It used to be that I would fill up the small notebook that I carry in my bag with me about once every three months, taking down appointments, phone numbers, ideas, for writing down what my friends and I wanted to order out, that sort of thing. I also had larger notebooks for taking notes in class and for writing out those ideas in their larger forms. (Oh, incidentally, in January 2013 I acquired my first ever laptop, meaning that in two months I jumped forward about a technological decade.) Now, I’ve had my present notebook since December and there’s barely anything filled in. I’ve begun to take notes on my phone and laptop.

It also used to be that I would spend any traveling time reading books, but now I’m more likely to fiddle with a game or check in on work that needs doing. I used to read about a book or two a week just on transit. Now I’m still stuck on Padgett Powell’s The Interrogative Mood.

My iPhone also dictates, in some ways, what tools I will use on it – certain apps are free for Android but cost money on the iPhone, and vice versa, and since I’m a student, I don’t usually want to pay more than a dollar for an app that I may or may not end up using/liking/needing, etc. – and even then, the apps that I usually don’t mind paying for are things like critically-acclaimed indie games or…well, yeah, mainly those.

Having any cellphone at all has also changed the way that I communicate: it used to be that people could either call me at home and either reach me or leave a message or they could email me. I really liked the fact that if I was out and about, I was incommunicado, untethered and unlikely to be disturbed. Now, I can get called by work while I’m out at social events and of course I get way more text messages than phone calls.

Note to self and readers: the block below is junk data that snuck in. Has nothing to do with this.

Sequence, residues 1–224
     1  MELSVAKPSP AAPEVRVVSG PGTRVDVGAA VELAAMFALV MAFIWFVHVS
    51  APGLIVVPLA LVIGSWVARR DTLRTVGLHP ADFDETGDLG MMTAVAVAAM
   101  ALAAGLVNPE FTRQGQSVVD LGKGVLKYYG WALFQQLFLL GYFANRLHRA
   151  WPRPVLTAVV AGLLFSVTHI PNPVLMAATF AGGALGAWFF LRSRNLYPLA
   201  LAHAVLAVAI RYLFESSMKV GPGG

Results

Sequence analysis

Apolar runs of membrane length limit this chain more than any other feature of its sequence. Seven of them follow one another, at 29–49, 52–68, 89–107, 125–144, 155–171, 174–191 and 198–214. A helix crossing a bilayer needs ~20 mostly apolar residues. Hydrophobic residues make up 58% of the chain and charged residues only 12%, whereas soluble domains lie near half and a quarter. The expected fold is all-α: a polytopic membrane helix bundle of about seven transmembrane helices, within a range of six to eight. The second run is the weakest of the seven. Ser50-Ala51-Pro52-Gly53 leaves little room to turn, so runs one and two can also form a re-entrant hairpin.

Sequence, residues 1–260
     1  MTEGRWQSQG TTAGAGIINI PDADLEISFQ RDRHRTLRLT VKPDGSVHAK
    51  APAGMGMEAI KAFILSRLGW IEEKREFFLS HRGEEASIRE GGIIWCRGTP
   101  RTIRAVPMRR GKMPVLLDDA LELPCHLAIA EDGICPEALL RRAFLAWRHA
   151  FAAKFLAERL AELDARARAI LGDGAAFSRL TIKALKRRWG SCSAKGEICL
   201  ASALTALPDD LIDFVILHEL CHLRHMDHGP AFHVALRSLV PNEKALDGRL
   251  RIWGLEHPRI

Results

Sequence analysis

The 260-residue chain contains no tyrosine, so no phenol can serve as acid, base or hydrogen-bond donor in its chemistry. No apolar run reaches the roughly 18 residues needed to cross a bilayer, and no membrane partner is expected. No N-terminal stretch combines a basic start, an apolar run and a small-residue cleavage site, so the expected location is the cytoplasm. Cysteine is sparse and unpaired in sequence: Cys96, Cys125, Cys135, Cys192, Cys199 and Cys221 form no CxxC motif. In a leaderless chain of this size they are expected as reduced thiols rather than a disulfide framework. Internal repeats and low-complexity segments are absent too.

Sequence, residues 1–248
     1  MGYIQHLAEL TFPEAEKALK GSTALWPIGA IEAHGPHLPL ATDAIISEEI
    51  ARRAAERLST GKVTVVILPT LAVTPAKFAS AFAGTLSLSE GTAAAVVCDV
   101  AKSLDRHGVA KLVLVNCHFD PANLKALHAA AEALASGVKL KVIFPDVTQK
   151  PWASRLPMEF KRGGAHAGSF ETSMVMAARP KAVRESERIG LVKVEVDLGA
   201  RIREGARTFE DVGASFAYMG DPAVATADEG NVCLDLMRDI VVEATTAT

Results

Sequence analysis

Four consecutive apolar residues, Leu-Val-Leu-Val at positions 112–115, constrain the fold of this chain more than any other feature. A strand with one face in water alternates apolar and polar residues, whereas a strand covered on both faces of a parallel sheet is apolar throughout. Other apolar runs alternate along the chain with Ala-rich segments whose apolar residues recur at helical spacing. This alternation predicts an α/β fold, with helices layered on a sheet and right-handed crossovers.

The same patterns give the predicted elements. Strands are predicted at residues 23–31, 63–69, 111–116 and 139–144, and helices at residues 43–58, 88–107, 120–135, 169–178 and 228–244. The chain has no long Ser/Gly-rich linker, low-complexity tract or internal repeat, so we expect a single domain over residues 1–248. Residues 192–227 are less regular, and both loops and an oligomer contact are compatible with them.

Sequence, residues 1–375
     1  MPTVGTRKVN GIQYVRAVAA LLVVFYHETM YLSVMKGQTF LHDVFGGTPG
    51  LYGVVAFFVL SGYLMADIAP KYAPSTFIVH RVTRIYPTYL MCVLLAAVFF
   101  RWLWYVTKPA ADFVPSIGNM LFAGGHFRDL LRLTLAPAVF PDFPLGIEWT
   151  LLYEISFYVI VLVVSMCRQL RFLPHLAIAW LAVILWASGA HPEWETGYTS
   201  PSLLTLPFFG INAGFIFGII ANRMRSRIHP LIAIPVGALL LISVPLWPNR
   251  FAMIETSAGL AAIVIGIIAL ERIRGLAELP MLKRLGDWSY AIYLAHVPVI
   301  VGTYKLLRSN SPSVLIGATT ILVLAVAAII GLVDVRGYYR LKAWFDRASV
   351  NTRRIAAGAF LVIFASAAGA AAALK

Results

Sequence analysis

In terms of productivity, my having a cellphone makes other people’s jobs easier – they can contact me when they need something and I can act right away, and they can contact me in real-time to see how the job is going. In terms of my personal productivity, what a terrible thing having a cellphone is! I’m not terrible about the whole obsessively checking my phone thing yet, but I have definitely played ‘Hanafuda’ more than I have read in the last six months, and I think that I can no longer really call Hanafuda “research.” I also waste time that should be spent writing checking things on social media and such, which was less the case when I was limited to my desktop.

On the other hand, and this is a bit of a sidebar, having a laptop has increased the speed at which and the number of places where I can write and accomplish other work. It permitted me to attend a conference the other weekend without any fear of missing important information and updates on my projects, and I am able to write much more quickly than with my pen and notebook since I type much faster than I handwrite.

So, in sum: having a cellphone has changed the way that I communicate and the kind of cellphone that I have has determined what products I use. It has made me more accessible to other people but has made my productivity decrease by quite a lot (I’m currently fighting to push the balance back in the other direction by simply taking the time to think about ideas while traveling instead of playing iPhone games). I do use it for work, having played games that I wanted to research on it, recently recorded an interview with Lynn Hughes and Bart Simon, live-tweeted talks and events, and done some writing/note-taking on it, but the ratio of work to time-wasting that I do with my cellphone is absolutely shameful. On the other hand, going mobile in other ways has had its advantages. I guess that as long as I can work on limiting my time-wasting activities, I’ll survive this personal technological revolution.